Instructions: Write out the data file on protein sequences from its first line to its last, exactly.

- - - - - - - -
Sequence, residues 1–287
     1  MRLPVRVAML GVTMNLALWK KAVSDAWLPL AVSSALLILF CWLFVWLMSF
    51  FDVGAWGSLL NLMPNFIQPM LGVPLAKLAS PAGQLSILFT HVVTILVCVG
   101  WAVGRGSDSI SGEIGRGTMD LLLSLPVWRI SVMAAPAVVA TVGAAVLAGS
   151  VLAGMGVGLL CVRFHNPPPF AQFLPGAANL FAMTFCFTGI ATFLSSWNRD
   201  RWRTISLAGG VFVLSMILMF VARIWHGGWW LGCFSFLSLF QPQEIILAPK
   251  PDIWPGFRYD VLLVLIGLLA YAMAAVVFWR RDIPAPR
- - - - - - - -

Sequence, residues 1–287
     1  MRLPVRVAML GVTMNLALWK KAVSDAWLPL AVSSALLILF CWLFVWLMSF
    51  FDVGAWGSLL NLMPNFIQPM LGVPLAKLAS PAGQLSILFT HVVTILVCVG
   101  WAVGRGSDSI SGEIGRGTMD LLLSLPVWRI SVMAAPAVVA TVGAAVLAGS
   151  VLAGMGVGLL CVRFHNPPPF AQFLPGAANL FAMTFCFTGI ATFLSSWNRD
   201  RWRTISLAGG VFVLSMILMF VARIWHGGWW LGCFSFLSLF QPQEIILAPK
   251  PDIWPGFRYD VLLVLIGLLA YAMAAVVFWR RDIPAPR